As Austin’s new land development code, known as CodeNEXT is being written, city staff and the private sector are working to understand how it will shape future development.

Martin do Nascimento / KUT

The Austin City Council has approved some changes to the review process for the city’s new land development code, known as CodeNEXT, allowing for additional scrutiny at City Hall before its planned adoption in April of next year.

Gabriel Cristóver Pérez / KUT

There is plenty of parking in downtown Austin, but often those spaces aren’t available, according to a parking study released Wednesday by the nonprofit Downtown Austin Alliance. 

Miguel Gutierrez Jr. / KUT

Austin is in the process of adopting several plans that will guide the future of development and transportation in the region. The city revealed a new guide Tuesday for the future of street design.

Gabriel Cristóver Pérez / KUT

For years, talk of affordable housing has dominated discussions at Austin City Hall. As the cost of living continues to climb, Mayor Steve Adler has expressed concern that the city is on its way to sky-high real estate prices like those in San Francisco. But how much power does the city actually have to influence the housing market?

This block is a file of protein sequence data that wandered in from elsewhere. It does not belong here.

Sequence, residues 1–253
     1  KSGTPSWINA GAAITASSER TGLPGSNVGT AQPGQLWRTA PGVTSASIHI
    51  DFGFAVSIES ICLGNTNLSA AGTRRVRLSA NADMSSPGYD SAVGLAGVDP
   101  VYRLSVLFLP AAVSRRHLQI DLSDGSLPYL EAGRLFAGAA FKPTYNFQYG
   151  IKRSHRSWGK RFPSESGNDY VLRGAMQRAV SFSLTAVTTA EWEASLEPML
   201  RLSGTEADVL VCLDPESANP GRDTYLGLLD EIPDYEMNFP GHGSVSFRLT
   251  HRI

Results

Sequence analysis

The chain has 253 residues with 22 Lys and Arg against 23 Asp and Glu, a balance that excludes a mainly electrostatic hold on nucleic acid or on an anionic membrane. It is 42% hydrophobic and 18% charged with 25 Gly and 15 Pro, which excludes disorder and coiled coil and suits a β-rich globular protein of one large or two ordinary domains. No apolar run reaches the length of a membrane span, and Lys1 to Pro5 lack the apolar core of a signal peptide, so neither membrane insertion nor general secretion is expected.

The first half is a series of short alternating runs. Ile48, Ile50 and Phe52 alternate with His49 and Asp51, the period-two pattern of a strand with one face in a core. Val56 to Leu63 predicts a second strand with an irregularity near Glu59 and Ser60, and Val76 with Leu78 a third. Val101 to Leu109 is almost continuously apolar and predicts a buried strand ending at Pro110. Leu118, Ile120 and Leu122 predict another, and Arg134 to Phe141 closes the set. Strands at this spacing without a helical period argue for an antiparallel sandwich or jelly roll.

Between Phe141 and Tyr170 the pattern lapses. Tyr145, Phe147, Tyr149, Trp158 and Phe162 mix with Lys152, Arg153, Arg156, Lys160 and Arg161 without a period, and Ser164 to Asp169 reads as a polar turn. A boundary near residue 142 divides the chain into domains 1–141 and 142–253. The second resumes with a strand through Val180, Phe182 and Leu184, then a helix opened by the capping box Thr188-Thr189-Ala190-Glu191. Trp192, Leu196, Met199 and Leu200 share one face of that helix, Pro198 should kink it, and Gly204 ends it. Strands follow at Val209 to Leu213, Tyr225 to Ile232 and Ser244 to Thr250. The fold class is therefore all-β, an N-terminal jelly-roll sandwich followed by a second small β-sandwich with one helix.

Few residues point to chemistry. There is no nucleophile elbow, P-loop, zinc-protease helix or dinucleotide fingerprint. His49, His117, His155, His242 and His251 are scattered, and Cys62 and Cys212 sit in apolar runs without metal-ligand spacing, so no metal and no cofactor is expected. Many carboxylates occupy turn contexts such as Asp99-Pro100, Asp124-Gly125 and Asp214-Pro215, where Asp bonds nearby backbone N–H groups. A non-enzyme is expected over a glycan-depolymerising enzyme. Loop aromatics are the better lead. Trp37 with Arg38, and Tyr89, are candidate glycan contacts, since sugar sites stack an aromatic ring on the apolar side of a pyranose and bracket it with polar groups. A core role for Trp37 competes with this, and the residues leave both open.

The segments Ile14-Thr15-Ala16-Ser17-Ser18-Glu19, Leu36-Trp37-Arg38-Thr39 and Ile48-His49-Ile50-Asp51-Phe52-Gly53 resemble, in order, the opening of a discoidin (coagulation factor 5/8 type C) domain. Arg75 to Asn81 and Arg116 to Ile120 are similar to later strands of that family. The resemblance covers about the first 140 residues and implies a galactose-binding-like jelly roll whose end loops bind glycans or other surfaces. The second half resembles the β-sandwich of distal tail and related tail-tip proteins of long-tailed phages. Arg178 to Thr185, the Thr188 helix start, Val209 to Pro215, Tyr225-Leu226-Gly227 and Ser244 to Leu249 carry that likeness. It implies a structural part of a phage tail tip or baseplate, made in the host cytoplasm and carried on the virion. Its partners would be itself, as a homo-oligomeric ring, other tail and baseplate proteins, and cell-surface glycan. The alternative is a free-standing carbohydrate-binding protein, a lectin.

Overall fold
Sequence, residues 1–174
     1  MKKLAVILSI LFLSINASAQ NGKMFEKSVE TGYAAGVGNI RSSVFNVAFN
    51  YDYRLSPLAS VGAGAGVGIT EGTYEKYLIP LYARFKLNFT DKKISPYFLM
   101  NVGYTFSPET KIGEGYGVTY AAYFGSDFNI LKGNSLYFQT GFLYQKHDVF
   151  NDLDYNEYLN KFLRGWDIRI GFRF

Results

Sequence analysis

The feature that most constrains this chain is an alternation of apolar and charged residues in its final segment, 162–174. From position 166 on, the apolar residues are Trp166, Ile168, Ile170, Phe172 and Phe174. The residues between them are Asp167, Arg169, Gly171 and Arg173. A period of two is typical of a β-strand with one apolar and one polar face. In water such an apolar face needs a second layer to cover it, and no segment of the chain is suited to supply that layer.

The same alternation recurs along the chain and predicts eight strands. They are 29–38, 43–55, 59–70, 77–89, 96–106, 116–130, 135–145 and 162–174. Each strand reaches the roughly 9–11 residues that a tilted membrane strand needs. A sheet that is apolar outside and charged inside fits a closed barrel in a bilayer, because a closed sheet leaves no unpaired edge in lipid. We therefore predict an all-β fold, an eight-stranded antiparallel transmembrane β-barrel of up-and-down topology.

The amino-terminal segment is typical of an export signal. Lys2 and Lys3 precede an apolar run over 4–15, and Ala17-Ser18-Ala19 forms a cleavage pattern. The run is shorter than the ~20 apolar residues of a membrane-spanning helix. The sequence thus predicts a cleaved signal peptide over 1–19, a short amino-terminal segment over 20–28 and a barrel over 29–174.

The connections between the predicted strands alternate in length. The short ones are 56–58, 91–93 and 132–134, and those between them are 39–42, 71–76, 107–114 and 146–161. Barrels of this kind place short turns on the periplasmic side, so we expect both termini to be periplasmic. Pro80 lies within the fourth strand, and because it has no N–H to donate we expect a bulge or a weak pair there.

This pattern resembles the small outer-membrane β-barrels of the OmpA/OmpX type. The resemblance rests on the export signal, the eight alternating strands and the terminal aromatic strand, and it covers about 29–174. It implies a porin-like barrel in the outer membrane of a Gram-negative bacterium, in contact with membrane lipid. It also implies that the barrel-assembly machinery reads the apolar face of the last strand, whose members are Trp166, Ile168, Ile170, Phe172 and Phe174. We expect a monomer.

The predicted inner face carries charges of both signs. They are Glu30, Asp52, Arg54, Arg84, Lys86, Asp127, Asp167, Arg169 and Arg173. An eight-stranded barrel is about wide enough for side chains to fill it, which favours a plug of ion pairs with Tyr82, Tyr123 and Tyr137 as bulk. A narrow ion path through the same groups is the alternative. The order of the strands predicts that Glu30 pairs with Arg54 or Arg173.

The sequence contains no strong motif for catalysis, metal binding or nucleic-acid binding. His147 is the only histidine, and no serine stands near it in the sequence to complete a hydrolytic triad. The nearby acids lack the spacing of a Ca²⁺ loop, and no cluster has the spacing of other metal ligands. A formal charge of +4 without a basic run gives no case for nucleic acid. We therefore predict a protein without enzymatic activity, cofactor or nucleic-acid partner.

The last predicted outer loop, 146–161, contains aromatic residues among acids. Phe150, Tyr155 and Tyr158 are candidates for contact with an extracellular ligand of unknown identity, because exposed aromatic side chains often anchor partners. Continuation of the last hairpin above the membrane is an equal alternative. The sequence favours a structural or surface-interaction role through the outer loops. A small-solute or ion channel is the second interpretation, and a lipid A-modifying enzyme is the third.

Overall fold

Jorge Sanhueza-Lyon / KUT

Austin City Council approved a review today of how fair housing practices measure up in Austin and across Central Texas. 

The federal Fair Housing Act aims to protect people from discrimination when renting, buying or financing a home. Despite those protections, the reality is that housing discrimination persists in many cities. This will be the first time the Austin-Round Rock metro area gets a comprehensive look at this issue across the entire region. 

KUT

For years, Central Texas has seen ripples of population growth with Austin at the center.

“Without question, you essentially see this concentric movement outward from the urban core,” State Demographer Lloyd Potter said last month at the Texas Demographic Conference.

Mary Kang for KUT

As rents for residents and businesses continue to climb, Austin City Council has approved a plan to help the city’s artists afford to keep their venues and creative spaces.

Gabriel Cristóver Pérez / KUT

Austin City Council is set to consider a program that would bring more affordable housing units to the East Side. It’s called a community land trust, and it could create homes that remain affordable for decades to come.

Gabriel Cristóver Pérez / KUT

For years, Mike “Truth” Johnston has been pasting his colorful portraits of icons from Michael Jordan to Martin Luther King Jr. on dumpsters, billboards and electrical boxes around the city. 

KUT’s Syeda Hasan caught up with the Austin street artist to learn more about his creative process. 

Jorge Sanhueza-Lyon / KUT

A new traffic study recommends adding sidewalks, bike lanes and bus stops to ease congestion in the Rainey Street neighborhood.